Congenital Short Femur – All you need to know

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A congenital short femur is a form of congenital malformation that affects the femur bone’s growth in the upper leg during prenatal development. The femur might be small or smaller than the other leg. This causes leg length differences, knee and hip instability, and several functional problems in a child. The child’s parents must visit an orthopedic doctor in Gurgaon for diagnosis and early treatment.

A multidisciplinary team is required for the assessment of congenital short femur. The team will prepare a personalized treatment plan to meet the child’s special needs. There is no single treatment that can work for all children. Treatment for congenital short femur varies based on the severity of the condition. It includes:

  • Limb-lengthening procedures
  • Prosthetics
  • Surgery

The treatment aims to improve the functional use of the affected leg.

What are the causes of congenital short femur?

The cause of congenital short femur is unknown. Researchers believe that most forms of the congenital short femur are caused by a disorder during prenatal development. Such disorders during prenatal development might occur randomly or because of infection or trauma.

What are the symptoms of congenital short femur?

The main symptom of the congenital short femur is the presence of a shortened femur bone during birth. An affected femur bone may also be flexed, externally rotated, and abducted.

Congenital short femur causes instability in the knee and hip joint linking it to other disorders like fibular and ACL deficiency, flat feet, and clubfoot. The condition usually affects only one leg.

How is congenital short femur treated?

Congenital short femur treatment differs from child to child and is dependent on:

  • The age of the child and his or her complete health and medical history
  • The seriousness of the child’s condition
  • The stability and condition of the child’s knee, hip, and foot.

To fix the child’s functional issues, a multidisciplinary team of pediatric orthopedic surgeons, prosthetists, and physical therapists will develop a personalized recovery plan that can include limb-lengthening procedures, prosthetics, and surgery.

The treatment aims to enhance the child’s overall function to move and grow at a rate comparable to their peers.

Treatment usually starts when the child turns three years old, which allows time for early bone hardening. The treatment ends at the end of high school when most children have stopped growing.

The procedures used for treating congenital short femur are explained in detail below.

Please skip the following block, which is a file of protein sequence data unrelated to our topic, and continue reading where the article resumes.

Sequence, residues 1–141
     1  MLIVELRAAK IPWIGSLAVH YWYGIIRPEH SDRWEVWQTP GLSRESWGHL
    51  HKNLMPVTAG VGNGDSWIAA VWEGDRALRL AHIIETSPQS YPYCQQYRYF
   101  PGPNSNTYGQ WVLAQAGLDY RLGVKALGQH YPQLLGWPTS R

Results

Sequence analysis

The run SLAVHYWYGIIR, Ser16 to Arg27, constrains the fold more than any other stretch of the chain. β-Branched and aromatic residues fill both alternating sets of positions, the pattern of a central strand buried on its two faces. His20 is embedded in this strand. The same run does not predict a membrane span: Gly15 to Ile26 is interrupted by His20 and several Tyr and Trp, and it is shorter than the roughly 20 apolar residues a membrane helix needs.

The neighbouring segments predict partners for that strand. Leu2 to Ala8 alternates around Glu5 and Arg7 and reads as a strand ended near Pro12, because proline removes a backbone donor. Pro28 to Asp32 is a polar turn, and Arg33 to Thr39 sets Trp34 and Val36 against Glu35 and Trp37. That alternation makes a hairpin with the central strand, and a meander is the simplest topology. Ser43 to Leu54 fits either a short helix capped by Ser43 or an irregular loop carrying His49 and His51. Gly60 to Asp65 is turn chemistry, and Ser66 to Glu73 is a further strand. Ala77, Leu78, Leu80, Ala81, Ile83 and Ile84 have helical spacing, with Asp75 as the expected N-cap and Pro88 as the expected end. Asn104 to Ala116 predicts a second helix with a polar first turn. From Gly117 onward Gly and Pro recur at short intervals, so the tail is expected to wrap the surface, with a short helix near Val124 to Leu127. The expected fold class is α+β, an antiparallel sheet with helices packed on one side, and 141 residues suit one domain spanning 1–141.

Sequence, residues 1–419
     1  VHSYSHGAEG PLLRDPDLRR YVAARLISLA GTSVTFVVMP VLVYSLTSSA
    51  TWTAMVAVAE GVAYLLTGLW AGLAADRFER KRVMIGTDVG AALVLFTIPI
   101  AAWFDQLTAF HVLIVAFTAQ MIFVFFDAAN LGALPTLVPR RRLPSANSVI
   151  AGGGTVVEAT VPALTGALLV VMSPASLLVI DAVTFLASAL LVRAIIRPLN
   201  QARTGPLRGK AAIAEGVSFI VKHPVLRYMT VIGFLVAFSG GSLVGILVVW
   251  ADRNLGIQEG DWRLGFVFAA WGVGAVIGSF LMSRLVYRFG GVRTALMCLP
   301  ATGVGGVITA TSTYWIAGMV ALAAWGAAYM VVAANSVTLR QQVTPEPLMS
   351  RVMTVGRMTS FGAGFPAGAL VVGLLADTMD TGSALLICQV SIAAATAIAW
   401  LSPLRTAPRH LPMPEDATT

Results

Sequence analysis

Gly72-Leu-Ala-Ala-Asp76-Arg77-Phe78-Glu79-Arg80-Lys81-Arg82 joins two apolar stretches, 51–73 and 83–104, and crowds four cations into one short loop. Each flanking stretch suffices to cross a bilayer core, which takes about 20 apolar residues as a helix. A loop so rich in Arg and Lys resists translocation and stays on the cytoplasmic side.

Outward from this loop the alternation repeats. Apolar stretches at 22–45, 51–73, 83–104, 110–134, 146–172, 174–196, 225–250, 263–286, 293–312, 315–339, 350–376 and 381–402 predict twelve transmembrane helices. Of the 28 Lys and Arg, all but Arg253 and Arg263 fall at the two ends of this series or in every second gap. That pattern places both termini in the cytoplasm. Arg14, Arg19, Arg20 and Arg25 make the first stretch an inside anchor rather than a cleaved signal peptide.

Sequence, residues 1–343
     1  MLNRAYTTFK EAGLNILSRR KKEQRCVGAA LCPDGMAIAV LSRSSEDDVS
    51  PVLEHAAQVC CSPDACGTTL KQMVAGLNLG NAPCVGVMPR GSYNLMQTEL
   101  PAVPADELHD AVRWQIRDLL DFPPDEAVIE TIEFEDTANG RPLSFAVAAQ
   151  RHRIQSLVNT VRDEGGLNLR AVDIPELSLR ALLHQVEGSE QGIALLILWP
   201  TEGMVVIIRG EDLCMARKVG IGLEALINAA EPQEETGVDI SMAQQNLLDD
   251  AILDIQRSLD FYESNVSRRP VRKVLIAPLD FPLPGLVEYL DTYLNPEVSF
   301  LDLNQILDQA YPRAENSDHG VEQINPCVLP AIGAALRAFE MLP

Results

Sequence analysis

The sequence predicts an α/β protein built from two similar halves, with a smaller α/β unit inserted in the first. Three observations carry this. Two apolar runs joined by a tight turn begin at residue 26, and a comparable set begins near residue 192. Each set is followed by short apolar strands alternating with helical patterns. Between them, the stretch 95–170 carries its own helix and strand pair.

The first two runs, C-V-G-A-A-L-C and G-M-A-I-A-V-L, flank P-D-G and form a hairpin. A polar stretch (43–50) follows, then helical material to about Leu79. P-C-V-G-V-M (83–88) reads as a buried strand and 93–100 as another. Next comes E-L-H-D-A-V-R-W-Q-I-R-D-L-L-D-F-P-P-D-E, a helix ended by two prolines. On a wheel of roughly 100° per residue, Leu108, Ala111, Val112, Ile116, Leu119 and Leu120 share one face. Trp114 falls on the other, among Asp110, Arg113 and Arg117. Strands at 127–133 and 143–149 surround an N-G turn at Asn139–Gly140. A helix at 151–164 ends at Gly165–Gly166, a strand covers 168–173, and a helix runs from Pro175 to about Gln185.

Limb-lengthening

Most children with congenital short femur benefit from limb-lengthening procedures. A child must meet the following criteria to be considered for limb lengthening:

  • A limb with a predicted skeletal maturity difference of no more than 20 centimeters
  • A child with a stable hip
  • Good stability and function in the knee, foot, and ankle

Limb lengthening usually includes surgery for cutting the bone and attaching fixators to the leg to extend the leg as new bone develops gradually.

Nowadays, most pediatric orthopedic surgeons use an internal procedure for limb lengthening as it does not require bulky external fixation frames.

The limb-lengthening procedure requires months and may need to be performed again. It all depends on how fast the child’s bone grows.

Prosthetics

Prosthesis is recommended when limb lengthening is not an option for the child. It is either because the child’s leg-length difference is great, or he/she will not be able to tolerate the procedure.

Treatment using prosthesis should begin when the child can stand, and the child’s condition mimics natural growth.

The child is fitted with a custom-molded prosthesis that corrects leg lengths without the need for surgery.

Since these prostheses are too short for flexing at both the knee and the foot, developmental growth can be slower.

However, a custom-molded prosthesis that fits the child’s lower extremity is useful in helping children to walk and discover their surroundings.

Additional surgery

As the child ages, it becomes necessary to have both a functioning knee and a functional foot. At this point, decisions must be made by the pediatric orthopedic surgeon as to which form of prosthetic is most suitable and how best to achieve the target surgically.

Depending on the child’s condition, a pediatric orthopedic surgeon can suggest

  • An above-the-knee prosthesis with a mechanical knee
  • A below-the-knee prosthesis if a biological knee can be salvaged or made

The long-term results for a child with congenital short femur are determined by:

  • The severity of the condition
  • How well the child responds to treatment

Some children will need additional surgeries and might continue to have problems as they mature. However, most children who receive treatment for congenital short femur live long and have active lives.

Dr. Ratnav Ratan
Dr. Ratnav Ratan
Pediatric Orthopedist and Sports Medicine specialist​

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